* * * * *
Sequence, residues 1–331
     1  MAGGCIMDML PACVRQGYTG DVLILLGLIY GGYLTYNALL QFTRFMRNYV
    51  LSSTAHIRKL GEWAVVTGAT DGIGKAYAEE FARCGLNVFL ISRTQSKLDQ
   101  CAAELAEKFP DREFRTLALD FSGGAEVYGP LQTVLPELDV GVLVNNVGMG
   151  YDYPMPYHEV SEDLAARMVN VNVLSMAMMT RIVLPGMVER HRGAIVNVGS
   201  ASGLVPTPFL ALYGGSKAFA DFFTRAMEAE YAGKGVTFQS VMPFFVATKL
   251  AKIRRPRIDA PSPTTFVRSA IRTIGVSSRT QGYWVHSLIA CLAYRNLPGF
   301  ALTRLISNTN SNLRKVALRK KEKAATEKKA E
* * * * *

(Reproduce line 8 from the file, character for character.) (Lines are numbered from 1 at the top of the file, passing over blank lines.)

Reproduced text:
   301  ALTRLISNTN SNLRKVALRK KEKAATEKKA E